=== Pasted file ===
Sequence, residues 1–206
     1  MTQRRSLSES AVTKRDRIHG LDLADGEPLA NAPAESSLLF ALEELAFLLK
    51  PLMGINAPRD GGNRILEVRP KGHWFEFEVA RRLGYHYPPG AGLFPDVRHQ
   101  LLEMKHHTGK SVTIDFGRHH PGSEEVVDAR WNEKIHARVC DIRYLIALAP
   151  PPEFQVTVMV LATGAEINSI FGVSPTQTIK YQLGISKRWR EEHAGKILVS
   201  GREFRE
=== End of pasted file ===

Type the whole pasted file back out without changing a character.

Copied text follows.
Sequence, residues 1–206
     1  MTQRRSLSES AVTKRDRIHG LDLADGEPLA NAPAESSLLF ALEELAFLLK
    51  PLMGINAPRD GGNRILEVRP KGHWFEFEVA RRLGYHYPPG AGLFPDVRHQ
   101  LLEMKHHTGK SVTIDFGRHH PGSEEVVDAR WNEKIHARVC DIRYLIALAP
   151  PPEFQVTVMV LATGAEINSI FGVSPTQTIK YQLGISKRWR EEHAGKILVS
   201  GREFRE